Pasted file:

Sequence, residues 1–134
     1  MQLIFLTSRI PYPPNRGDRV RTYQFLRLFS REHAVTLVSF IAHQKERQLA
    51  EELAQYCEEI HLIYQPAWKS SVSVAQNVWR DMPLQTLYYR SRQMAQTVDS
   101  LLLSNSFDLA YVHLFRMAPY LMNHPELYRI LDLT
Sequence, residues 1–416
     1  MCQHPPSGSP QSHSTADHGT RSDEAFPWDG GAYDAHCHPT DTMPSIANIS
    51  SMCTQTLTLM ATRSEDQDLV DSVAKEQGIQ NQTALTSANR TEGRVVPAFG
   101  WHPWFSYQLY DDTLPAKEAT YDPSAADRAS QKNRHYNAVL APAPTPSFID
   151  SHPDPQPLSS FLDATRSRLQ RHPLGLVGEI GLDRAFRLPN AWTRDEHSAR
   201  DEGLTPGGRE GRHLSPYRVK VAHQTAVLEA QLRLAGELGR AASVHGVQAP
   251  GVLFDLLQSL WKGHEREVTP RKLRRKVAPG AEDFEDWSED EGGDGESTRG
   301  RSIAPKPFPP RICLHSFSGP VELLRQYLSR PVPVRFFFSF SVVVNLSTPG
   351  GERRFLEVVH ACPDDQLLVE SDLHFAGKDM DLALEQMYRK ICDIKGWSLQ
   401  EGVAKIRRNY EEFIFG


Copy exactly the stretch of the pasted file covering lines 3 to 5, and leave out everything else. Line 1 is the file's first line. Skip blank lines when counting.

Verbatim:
    51  EELAQYCEEI HLIYQPAWKS SVSVAQNVWR DMPLQTLYYR SRQMAQTVDS
   101  LLLSNSFDLA YVHLFRMAPY LMNHPELYRI LDLT
Sequence, residues 1–416